Puppetry in India: Exploring Kathputli and More
The Indian subcontinent has always been a hot bed of color, vibrancy and all things rooted deep in culture. Puppetry is one such niche that we Indians have had linked with our heritage over the ages. Across the country, puppetry has risen high — only to lurk in the shadows where even the practitioners doubt their survival span. Of these, Kathputli theatre, by far, has the most popular appeal and generally comes to hog attention, thanks to the varied events around it.
Kathputli Theatre Over The Ages
The romance of Kathputli theatre dates back to about 1500 years — an inseparable and integral part of the folk culture of Rajasthan — in the Bhat community. About five centuries back, the theatre form received an impetus due to the sincere patronage that practitioners received from the royalty.
The romance of Kathputli theatre dates back to about 1500 years — an inseparable and integral part of the folk culture of Rajasthan — in the Bhat community. About five centuries back, the theatre form received an impetus due to the sincere patronage that practitioners received from the royalty.In 2015, perhaps Rajasthan is as well known for its Kathputli theatre as it is for Ghoomar. There are myriad organisations engaged in propagating and supporting the art form in the state and elsewhere in India. Some of the noted ones campaigning for the art ever since the early 1950s and 1960s are Rupayan Sansthan (based in Jodhpur) and Bharatiya Lok Kala Mandal (based in Udaipur).
There are myriad forms of puppetry theatre that can be found along the length and breadth of India:
A very lively and oft-featured form of puppetry in magazines and documentaries, the Kathputli format originated 1500 years back in tribal Rajasthan. Made from wood and dressed in colorful and intricate native attires, these puppets are controlled using string marionettes to the rhythmic narration of engaging folklores.
Synonymously known as hand puppetry, this type involves small puppets with arms, a head and a long attire. The puppeteer generally wears the puppets like gloves, skilfully maneuvering their movements.
Slightly larger than the glove puppets, this form of the art involves puppets controlled by rods that are never visible to the audience. The art demands precision and mystery for the practitioners to pull it off.
Delhi is also famous for housing an entire colony of kathputli artists in Shadipur Depot — Kathputli Colony. A hub of immense talent, a fading art, spirited people, and dire poverty.
As is evident from the name, shadow puppetry involves the use of puppets that are flat but can be projected onto a clear screen made from cloth.
The Puppetry Hubs in India
The Eastern states never lag behind in any form of art. It might barely surprise one that rod puppetry — known as putul nach in Bengal — is still popular in quaint towns and theatres across the city areas of these neighbouring states. There are even puppet plays based on Satee Behula and the Ramayana in West Bengal.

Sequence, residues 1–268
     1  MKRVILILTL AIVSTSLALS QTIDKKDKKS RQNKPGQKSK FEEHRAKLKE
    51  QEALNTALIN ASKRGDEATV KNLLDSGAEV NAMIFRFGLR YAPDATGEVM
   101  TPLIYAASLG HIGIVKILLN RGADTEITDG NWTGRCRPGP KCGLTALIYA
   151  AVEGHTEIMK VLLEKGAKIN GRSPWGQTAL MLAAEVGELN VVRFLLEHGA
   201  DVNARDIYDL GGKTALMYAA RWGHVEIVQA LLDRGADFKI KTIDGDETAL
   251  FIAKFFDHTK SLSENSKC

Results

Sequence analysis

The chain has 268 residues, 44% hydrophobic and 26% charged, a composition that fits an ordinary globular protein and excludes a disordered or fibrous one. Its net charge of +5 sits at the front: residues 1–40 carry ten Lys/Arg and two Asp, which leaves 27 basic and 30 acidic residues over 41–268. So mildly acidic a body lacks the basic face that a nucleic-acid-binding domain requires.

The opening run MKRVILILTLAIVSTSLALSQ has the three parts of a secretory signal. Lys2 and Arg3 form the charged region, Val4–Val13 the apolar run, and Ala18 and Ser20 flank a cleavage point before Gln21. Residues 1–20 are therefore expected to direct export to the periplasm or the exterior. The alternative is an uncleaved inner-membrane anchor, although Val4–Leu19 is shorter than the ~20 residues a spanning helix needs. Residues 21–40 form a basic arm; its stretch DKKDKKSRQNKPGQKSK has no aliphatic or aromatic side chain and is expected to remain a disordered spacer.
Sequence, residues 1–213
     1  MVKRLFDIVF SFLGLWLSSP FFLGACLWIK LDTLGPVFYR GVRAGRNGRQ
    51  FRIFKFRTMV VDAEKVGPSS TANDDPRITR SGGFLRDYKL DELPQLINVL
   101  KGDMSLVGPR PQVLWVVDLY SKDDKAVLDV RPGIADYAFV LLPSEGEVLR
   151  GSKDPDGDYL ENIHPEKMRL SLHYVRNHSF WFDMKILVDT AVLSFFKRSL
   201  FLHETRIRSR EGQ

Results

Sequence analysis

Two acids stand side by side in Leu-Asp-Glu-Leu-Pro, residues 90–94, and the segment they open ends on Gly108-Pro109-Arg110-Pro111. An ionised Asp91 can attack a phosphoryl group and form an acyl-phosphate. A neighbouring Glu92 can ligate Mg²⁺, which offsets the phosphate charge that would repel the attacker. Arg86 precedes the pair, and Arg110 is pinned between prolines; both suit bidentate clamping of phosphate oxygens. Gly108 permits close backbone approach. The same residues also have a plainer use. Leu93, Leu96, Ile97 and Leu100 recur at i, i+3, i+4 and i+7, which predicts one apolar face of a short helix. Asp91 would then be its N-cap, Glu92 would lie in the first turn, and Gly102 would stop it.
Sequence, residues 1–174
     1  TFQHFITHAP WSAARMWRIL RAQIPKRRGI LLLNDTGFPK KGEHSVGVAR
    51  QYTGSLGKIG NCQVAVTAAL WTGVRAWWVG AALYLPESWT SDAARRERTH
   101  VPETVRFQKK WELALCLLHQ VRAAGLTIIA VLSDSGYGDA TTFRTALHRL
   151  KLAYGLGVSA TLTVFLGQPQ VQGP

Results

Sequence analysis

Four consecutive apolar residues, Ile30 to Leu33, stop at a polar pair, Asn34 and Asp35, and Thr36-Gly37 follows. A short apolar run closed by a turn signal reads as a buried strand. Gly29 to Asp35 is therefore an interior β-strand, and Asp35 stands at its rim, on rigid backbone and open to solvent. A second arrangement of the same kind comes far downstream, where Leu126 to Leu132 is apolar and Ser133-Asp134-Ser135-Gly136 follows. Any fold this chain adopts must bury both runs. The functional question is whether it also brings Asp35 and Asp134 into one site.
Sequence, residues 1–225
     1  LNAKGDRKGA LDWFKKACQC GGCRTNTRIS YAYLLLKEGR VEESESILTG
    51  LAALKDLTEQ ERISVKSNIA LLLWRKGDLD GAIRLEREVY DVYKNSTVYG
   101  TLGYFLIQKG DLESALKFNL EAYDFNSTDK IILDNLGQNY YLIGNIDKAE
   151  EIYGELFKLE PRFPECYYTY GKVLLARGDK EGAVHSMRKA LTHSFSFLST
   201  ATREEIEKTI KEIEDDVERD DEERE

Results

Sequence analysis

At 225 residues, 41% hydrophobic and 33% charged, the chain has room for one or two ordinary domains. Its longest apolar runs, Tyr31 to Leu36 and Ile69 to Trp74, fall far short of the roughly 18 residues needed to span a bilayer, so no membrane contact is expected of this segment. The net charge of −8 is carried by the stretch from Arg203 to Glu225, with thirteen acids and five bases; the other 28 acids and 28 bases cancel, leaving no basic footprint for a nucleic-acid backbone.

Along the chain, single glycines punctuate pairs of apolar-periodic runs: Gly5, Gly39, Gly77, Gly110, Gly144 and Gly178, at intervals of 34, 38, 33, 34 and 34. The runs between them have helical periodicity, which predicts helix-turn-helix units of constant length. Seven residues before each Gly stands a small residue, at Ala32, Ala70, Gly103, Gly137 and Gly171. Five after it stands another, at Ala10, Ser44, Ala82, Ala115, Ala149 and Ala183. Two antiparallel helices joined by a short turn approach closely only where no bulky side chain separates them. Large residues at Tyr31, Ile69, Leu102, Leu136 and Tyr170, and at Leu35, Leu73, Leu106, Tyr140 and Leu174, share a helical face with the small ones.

Down South — the land of Sangam literature — Tamil Nadu is a popular hub for the Bommalatam, i.e. string puppetry and the Thol Bommalattam, i.e. shadow puppetry. Shows are based on Pauranic tales and local literature.
The land of Jagannath is famed for its folk-inspired and literature-based puppetry shows of Kundhei-nach (glove), Ravanachaya (shadow), Kathi Kundhei (rod), and Gopalila kandhei (string) formats.
The main puppetry types you get to see in Maharashtra are the Kalasutri Bahulya — or string puppetry, and the Chamadyache Bahulya — or shadow puppetry.
Experience vibrant puppetry traditions and plays in Kerala with the Pavakuthu — or glove puppetry, and the Tholpavakoothu — or shadow puppetry.
Well known for Yakshagana — a live puppet theatre form, Karnataka has numerous puppetry shows based on the string and leather forms of this art.
Kathputli Colony, Delhi
Besides the Puppet Museum that makes Delhi doubly famous, interesting collections of kathputlis or other puppet forms can be found at Jawaharlal Nehru Museum For Children in Kolkata. Delhi is also famous for housing an entire colony of kathputli artists in Shadipur Depot — Kathputli Colony. A hub of immense talent, a fading art, spirited people, and dire poverty. Older than 50 years, the area recently came into the limelight because of the local government’s efforts to wipe the same away to allow real estate development. Organisations — small and big, regional and global — have unified in a bid to prevent this from happening. Most notably, thanks to foreign aid and local efforts, the fate of this Colony seems to have been brought back from what seemed like an inevitable death!
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